EDVA Tightens Reins on Punitive Damages

edva tightens
In an opinion released on July 14th, Judge James C. Cacheris used a motion to dismiss to carve back a plaintiff’s personal injury claim for punitive damages under Virginia state law.  In granting the motion to dismiss, the judge held that punitive damages are only available for “willful and wanton conduct,” not for negligent conduct.  The opinion takes a narrow view of what qualifies as “willful” conduct, and this approach could affect not only the personal injury bar, but also other civil litigators who seek punitive damages in business cases. The case, Gillespie v. Ashford Hospitality Prime, No. 1:15-cv-350, 2015 WL 4361262 (E.D. Va. July 14, 2015), arose from hard facts:  While visiting the Marriott Crystal Gateway Hotel in Arlington, Virginia, the plaintiff and her infant granddaughter were severely injured when a lighting fixture fell from a ballroom ceiling.  The plaintiff sued both the hotel owner and the construction general contractor who installed the light fixture.  In the plaintiff’s personal injury lawsuit for negligence, she sought both compensatory and punitive damages.  The defendants then moved to dismiss the amended complaint. Judge Cacheris denied the motion as to the negligence claim for compensatory damages, but he granted the motion as to the punitive damages.  Quoting prior case law, Judge Cacheris said that “[u]nder Virginia law, to properly plead a claim for punitive damages, a plaintiff must allege sufficient facts to plausibly demonstrate such willful and wanton conduct.  Mere conclusory legal statements, without facts to support them will not suffice.” The judge went on conclude that the alleged negligent installation of the light fixture was not “willful” conduct that would justify punitive damages because the hotel owner did not intend to commit negligence:  “[The hotel owner’s] willful and conscious maintenance of an unreasonably safe hotel defies logic.  Similarly, [the general contractor’s] willful and malicious installation of an unreasonably safe light fixture would be just as bad for its business, such that it is too an illogical proposition.  In short, Plaintiff’s request for punitive damages is vaguely pleaded as a mere conclusion . . . .”.  Judge Cacheris then quoted from previous Fourth Circuit case law, stating that “[e]xemplary damages are allowable only where there is misconduct or malice, or such recklessness or negligence or as evinces a conscious disregard of the rights of others.” This opinion is notable because Judge Cacheris focuses on the question of intent, specifically whether the defendant consciously intended to harm the plaintiff, as opposed to whether the defendant intended a more general act (such as installing a light fixture).  This appears to be a tightening of the availability of punitive damages, not only in personal injury cases, but in commercial business torts.  The opinion is also noteworthy because Judge Cacheris was willing to take this action at the motion to dismiss stage, making conclusions that could be characterized as factual determinations in a future appeal. Regardless of any appeal, business litigators who seek punitive damages should be aware of this opinion and structure their complaints to adequately plead a conscious intent that satisfies the tightened standard.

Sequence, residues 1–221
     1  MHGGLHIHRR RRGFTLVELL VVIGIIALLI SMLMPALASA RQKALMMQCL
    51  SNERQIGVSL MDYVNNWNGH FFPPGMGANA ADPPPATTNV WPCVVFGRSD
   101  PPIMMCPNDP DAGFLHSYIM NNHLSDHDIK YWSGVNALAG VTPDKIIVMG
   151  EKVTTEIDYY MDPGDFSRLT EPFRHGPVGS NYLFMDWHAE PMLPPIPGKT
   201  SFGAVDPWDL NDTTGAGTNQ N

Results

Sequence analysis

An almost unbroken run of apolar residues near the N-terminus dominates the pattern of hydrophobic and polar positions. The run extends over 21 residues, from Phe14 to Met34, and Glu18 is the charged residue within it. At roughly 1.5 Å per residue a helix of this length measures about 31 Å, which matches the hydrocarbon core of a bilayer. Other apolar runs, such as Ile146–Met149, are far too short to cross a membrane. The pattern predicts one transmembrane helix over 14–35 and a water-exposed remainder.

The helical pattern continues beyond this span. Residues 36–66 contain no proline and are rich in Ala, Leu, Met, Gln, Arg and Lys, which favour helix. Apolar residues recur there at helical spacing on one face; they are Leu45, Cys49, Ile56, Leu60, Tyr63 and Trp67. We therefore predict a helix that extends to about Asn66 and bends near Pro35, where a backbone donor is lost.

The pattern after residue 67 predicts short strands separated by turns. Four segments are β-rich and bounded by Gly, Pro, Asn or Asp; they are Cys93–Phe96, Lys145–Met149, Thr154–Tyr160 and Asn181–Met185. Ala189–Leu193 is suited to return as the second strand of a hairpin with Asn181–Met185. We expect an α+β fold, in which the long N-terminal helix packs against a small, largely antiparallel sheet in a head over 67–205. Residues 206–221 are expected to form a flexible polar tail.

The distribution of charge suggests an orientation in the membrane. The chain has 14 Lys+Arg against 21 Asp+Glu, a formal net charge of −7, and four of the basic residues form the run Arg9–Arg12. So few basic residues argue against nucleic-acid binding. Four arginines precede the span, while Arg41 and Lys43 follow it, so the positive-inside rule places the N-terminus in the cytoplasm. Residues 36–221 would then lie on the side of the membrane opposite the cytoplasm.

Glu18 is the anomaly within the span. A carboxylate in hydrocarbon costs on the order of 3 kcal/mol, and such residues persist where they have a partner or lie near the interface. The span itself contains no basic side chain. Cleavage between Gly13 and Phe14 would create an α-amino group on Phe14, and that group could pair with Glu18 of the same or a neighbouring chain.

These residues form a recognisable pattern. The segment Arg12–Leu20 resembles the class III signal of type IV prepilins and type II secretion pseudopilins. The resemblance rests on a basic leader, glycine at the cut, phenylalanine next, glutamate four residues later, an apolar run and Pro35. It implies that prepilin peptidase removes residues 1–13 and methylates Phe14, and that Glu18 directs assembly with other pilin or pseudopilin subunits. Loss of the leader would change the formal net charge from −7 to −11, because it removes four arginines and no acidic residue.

Timing is Critical when Asserting Trade Secrets and Business Conspiracy Claims in Virginia Courts

partnerships issues